Karl Barth (May 10, 1886–1968) and Cornelius Van Til (May 3, 1895–1987) tend to be polarizing figures in church theology. Van Til was a firm opponent of Barth’s theology, arguing that it was fundamentally flawed and anti-biblical. Despite their sharp differences, Barth and Van Til were similar in that they were both strongly influenced by the work of John Calvin.
In Church Dogmatics, The Epistle to the Romans, Barth states, “Calvin’s theology interests us in its historical context as an outstanding record of Reformation theology that historically—and at times even legally—has served as a basis of proclamation in modern Protestant churches.”
In The Case for Calvinism, Van Til responds to The Case for a New Reformation, The Case for Theology in Liberal Perspective, and The Case for Orthodox Theology. He challenges their views “by setting the truly Christ-centered position of the historic Protestant faith, especially the historic Reformed Faith as found in Calvin and his followers.”
To celebrate the birthdays of Van Til and Barth, Logos Bible Software is offering:
$50 off The Works of Cornelius Van Til—use coupon code VANTIL13 until May 11.
$50 off Barth’s Church Dogmatics—coupon code BARTH13, until May 11.
Eric Sigward, guest blogger and former student of Van Til, wrote the following about Barth and Van Til.
Van Til and Barth on the Celebration of Barth’s birthday, 2013
By Eric H. Sigward
When I entered Westminster Seminary as a freshman in 1975, I was fortunate enough to take Van Til’s last official class as an emeritus professor, “Karl Barth and the Word of God.” My first sessions with the great professor were “buzzing and blooming confusions,” as Van Til used to say. The terms were so large and the relationships so confusing that I despaired of ever understanding what he was saying. Eventually, I got an A– in the class and became a good friend of Van Til’s. It is with the memory of this initial confusion in mind that I approach writing about Van Til and Barth. I wish to show sympathy for those who are not familiar with these men or their theologies. As Van Til once said, “American evangelicals know absolutely nothing about Karl Barth.” I am trying to avoid shutting down the lines of communication between my subjects and you.
Van Til felt that Barth showed a verbal similarity to orthodox Protestantism and yet a thorough-going denial of its contents. Barth was not orthodox, but neo-orthodox. How is it that we Christians can criticize and label the philosophy of another professed Christian as heretical? It is on the basis of Reformed theology’s doctrine of the total depravity of man whereby the natural man denies the authority of God in any area of his life and sets himself up as his own authority (and god). By grace, however, God has penetrated the natural man’s defenses, has given him a new birth and a new trust in the infallibility, inerrancy, and authority of Scripture. With faith in Christ, God gives man faith in his Word. Thus, Christians may criticize error based upon this new epistemological certainty, based upon this new birth in Christ that brings with it all of God’s gracious provisions of salvation, including the mysterious testimony of the Holy Spirit in our hearts. We now naturally recognize one another.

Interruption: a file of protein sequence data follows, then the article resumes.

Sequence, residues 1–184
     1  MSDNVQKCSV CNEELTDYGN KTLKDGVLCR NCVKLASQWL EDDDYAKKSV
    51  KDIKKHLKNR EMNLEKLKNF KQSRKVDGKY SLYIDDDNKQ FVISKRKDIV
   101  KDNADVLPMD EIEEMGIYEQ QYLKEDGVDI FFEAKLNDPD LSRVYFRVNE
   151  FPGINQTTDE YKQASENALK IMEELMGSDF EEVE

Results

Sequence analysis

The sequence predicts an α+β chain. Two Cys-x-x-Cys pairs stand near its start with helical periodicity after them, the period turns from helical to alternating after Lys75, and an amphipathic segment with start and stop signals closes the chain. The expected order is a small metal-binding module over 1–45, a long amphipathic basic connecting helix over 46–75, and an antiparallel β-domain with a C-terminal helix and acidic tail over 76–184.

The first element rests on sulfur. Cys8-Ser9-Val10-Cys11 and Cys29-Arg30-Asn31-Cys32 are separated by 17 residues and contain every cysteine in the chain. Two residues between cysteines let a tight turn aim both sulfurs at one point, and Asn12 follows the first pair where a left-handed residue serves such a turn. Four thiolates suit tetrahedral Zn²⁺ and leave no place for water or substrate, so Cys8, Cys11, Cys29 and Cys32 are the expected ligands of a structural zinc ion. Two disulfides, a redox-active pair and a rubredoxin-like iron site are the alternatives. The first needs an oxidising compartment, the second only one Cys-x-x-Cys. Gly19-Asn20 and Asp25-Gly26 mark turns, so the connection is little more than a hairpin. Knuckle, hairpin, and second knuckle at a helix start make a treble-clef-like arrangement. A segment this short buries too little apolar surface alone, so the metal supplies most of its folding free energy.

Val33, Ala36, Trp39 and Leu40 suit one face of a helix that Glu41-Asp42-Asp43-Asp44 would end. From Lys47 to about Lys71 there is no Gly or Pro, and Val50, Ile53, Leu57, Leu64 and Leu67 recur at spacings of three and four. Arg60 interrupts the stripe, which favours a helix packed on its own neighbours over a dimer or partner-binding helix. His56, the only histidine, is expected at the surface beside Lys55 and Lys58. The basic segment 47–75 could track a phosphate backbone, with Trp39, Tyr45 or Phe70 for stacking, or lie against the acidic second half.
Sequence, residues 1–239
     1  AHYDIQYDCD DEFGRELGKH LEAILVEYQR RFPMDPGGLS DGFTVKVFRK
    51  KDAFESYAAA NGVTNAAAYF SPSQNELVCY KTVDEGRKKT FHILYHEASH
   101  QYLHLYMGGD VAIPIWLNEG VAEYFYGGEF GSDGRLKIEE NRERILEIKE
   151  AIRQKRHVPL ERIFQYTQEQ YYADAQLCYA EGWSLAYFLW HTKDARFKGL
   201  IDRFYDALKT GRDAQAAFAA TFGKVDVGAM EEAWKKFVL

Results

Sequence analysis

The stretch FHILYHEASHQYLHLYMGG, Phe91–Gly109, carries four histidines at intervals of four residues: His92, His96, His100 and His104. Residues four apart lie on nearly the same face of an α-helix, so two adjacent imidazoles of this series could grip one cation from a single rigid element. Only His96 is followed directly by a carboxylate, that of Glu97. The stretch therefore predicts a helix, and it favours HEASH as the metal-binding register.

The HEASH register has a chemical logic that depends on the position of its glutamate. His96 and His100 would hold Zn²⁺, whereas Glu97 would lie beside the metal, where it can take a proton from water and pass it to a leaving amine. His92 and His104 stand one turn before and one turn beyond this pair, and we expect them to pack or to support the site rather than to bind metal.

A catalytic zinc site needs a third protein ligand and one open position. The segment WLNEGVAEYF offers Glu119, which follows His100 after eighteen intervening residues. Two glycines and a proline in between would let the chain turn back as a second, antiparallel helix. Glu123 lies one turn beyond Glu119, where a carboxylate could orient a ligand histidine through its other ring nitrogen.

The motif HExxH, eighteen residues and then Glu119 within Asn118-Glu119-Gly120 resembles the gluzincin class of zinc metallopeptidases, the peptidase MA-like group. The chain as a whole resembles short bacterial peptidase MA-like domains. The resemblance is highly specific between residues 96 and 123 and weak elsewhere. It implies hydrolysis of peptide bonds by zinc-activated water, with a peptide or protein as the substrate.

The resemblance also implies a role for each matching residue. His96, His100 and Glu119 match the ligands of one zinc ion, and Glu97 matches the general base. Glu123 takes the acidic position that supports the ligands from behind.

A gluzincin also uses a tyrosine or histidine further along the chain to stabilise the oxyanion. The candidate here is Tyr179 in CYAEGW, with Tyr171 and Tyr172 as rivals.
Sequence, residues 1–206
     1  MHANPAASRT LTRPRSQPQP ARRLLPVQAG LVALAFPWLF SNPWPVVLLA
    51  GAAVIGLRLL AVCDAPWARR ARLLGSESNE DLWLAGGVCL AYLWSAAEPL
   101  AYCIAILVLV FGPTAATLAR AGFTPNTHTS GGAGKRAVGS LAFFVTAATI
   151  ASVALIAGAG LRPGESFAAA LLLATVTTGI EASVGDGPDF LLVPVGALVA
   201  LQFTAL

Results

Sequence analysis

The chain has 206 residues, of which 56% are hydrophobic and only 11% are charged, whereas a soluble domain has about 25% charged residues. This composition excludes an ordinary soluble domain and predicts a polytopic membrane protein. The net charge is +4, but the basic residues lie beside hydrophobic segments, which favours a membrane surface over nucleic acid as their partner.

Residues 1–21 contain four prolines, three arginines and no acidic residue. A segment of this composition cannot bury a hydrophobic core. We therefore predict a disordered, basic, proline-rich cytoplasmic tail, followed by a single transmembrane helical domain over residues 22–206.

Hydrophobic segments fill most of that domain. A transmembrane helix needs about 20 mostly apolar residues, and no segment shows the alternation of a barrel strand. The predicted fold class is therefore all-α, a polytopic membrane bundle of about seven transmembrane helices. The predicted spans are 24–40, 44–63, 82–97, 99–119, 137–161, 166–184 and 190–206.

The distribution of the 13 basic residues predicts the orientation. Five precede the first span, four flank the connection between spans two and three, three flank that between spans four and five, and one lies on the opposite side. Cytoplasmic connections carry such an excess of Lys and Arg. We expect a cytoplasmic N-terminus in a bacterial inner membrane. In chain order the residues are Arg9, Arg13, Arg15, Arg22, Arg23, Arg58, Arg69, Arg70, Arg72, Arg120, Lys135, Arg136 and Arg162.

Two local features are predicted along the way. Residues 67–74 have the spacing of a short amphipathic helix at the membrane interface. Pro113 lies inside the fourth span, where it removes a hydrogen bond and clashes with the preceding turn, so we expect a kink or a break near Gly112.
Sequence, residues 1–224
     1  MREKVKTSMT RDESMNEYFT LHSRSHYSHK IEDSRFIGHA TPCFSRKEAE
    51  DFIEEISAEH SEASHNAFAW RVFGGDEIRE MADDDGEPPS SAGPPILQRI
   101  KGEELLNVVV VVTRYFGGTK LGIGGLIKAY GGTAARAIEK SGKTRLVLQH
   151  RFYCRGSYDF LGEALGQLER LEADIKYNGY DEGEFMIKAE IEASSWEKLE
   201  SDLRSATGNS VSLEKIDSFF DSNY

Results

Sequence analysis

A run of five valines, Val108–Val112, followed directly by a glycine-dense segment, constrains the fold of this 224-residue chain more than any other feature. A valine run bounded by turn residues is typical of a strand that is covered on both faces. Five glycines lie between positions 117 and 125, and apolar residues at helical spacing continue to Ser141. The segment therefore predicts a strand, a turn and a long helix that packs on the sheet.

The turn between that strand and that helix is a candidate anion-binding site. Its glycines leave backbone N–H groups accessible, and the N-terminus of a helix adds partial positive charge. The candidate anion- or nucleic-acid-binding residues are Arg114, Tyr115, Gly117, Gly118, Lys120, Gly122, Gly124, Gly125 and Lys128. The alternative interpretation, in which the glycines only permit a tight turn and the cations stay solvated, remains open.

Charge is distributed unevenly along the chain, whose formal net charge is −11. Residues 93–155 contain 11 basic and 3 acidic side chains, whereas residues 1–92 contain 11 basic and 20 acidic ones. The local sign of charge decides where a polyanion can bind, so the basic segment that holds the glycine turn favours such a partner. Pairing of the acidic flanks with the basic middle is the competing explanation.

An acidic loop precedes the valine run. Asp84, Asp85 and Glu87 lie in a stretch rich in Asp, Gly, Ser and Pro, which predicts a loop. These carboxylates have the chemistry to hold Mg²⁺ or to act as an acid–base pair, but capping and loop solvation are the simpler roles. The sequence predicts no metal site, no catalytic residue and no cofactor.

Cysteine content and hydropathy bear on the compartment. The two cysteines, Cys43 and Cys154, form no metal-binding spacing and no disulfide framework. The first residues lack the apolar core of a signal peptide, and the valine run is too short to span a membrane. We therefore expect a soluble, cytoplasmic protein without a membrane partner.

Van Til thought Barth had reworked all the essentials of Reformed Christianity. In a nutshell, Barth had massively changed the traditional doctrine of election into a fabrication that Christ was simultaneously the only eternally elect and the only eternally reprobate man—reprobate upon the cross and elect in the Resurrection. Beware, however, that these “events” did not take place in history at all but in “Geschichte.” This is dialecticisim—espousing one thing and the opposite at the same time. In Barth, it is exhaustively applied to God and all knowledge: We both know and don’t know God at the same time.
Such a myth, fable, or fabrication did not take place in space and time at all but in Geschichte, where eternal history takes place. That is to say, Barth had an uber-system and an uber-realm that would color all other theological statements. Since one wire of orthodox theology can be cut, why not cut them all—the doctrines of Scripture, creation, man, Christ, and salvation? Pursuing the mission of higher criticism and neo-orthodoxy, Barth would translate (Umdeutung) all our words into an ingenious system that resembled Christianity but was not Christian. Fortunately, over the years, Barth has not borne fruit as a church or as a movement. Christians have dropped him or never known him at all, and the only place we find Barthians today is in university seminars made up of graduate students.